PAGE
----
President at CSPC 2017

Nov 6 2017

CSA-SCS President (2017-2018), Dr. Rima Wilkes was asked to participate on a Big Thinking panel at the CSPC 2017  by the Federation for the Humanities and Social Sciences.

Big Thinking Panel, Expertise in a post-truth era: How to be a trusted advisor in a low-trust world

Panel Organizer: Peter Severinson, Federation for the Humanities and Social Sciences

The apparent rise in populist, anti-intellectual sentiment around the world presents serious risks to the research community, public-policy practitioners and, indeed, the functioning of a democratic society. Widespread popular rejection of evidence-backed messages in areas such as the environment, public health and national security is contributing to destructive policies and behaviours, including inaction on climate change, declining vaccination rates and hostility to immigration.Researchers, business leaders, public servants and other subject-matter experts now face difficult questions: To what extent have they lost public trust? Why do so many reject the findings of experts? What are the consequences of a political discourse that is dismissive of facts? And how can researchers, public servants and other experts build and maintain public trust in the years ahead? This panel will explore these questions by examining the nature of the “post-truth” phenomenon; the social forces that underlie it; and practical steps researchers and public-policy practitioners can take to grow public trust.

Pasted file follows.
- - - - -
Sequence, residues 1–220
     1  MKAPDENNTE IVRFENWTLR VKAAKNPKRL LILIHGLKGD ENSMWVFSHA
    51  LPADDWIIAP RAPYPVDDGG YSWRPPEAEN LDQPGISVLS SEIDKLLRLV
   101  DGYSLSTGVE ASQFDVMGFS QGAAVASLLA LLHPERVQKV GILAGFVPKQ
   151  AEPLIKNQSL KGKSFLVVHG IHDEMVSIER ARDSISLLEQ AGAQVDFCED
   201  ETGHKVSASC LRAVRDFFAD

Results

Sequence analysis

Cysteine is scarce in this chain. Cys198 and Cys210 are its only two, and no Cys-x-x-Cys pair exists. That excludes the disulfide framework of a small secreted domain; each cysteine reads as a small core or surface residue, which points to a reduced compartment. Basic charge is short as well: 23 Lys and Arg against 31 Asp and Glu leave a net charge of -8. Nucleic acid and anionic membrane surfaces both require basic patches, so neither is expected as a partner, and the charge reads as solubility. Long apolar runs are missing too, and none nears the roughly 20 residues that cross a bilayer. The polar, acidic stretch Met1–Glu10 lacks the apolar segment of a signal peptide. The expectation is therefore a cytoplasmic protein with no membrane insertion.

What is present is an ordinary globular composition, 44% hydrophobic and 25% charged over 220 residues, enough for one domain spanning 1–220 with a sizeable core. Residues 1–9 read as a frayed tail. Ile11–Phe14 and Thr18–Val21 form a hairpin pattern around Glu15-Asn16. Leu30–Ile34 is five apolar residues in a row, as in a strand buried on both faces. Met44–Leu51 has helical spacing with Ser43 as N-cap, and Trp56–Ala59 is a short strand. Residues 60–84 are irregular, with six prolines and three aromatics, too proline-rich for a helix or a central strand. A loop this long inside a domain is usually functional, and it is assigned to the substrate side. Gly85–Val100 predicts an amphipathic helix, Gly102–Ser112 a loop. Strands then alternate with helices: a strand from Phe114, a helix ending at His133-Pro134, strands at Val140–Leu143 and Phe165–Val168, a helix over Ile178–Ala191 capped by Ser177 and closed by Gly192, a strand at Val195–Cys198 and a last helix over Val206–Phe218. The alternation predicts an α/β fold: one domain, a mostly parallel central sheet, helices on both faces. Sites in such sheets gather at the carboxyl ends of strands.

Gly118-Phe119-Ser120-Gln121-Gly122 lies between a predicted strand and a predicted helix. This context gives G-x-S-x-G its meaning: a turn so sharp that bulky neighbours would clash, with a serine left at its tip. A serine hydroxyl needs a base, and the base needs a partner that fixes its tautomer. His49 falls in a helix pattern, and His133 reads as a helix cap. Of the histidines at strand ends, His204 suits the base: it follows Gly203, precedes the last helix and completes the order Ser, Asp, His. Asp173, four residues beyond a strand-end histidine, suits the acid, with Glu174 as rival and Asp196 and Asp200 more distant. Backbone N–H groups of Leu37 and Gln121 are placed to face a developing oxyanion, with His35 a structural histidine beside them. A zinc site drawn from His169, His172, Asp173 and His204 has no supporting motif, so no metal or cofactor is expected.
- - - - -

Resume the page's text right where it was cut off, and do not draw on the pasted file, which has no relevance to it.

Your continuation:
Moderator: Gabriel Miller, Executive Director, Federation for the Humanities and Social Sciences

Panelists:

  • Lisa Kimmel, President and CEO, Edelman Canad

 

  • Mark Kingwell, Professor of Philosophy, University of Toronto

 

  • Rima Wilkes, President of the Canadian Sociological Association

 

Rima Wilkes is Professor of Sociology at the University of British Columbia and the President of the Canadian Sociological Association. Her current work - “It’s a Question of Trust: Explaining Ethno-Racial Differences in Trust” - is funded by a grant from the Social Sciences and Humanities Research Council of Canada. Wilkes' research has been published in Social Science Research, American Sociological Review and the Oxford Handbook of Social and Political Trust.

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